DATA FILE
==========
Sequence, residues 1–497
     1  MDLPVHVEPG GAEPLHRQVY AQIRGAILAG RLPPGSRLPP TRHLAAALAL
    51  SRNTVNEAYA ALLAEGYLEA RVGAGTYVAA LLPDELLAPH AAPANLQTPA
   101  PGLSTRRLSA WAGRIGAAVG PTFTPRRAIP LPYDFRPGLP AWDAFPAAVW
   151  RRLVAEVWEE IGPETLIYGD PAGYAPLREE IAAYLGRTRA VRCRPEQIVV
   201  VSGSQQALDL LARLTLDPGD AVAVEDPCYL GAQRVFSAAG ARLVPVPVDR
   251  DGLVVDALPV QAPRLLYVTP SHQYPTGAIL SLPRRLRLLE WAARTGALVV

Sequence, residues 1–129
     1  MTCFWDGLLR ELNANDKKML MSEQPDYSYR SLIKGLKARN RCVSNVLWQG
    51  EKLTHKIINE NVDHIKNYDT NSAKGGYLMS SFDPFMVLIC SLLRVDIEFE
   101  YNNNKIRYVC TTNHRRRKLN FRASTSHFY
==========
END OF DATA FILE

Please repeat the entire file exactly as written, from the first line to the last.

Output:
Sequence, residues 1–497
     1  MDLPVHVEPG GAEPLHRQVY AQIRGAILAG RLPPGSRLPP TRHLAAALAL
    51  SRNTVNEAYA ALLAEGYLEA RVGAGTYVAA LLPDELLAPH AAPANLQTPA
   101  PGLSTRRLSA WAGRIGAAVG PTFTPRRAIP LPYDFRPGLP AWDAFPAAVW
   151  RRLVAEVWEE IGPETLIYGD PAGYAPLREE IAAYLGRTRA VRCRPEQIVV
   201  VSGSQQALDL LARLTLDPGD AVAVEDPCYL GAQRVFSAAG ARLVPVPVDR
   251  DGLVVDALPV QAPRLLYVTP SHQYPTGAIL SLPRRLRLLE WAARTGALVV

Sequence, residues 1–129
     1  MTCFWDGLLR ELNANDKKML MSEQPDYSYR SLIKGLKARN RCVSNVLWQG
    51  EKLTHKIINE NVDHIKNYDT NSAKGGYLMS SFDPFMVLIC SLLRVDIEFE
   101  YNNNKIRYVC TTNHRRRKLN FRASTSHFY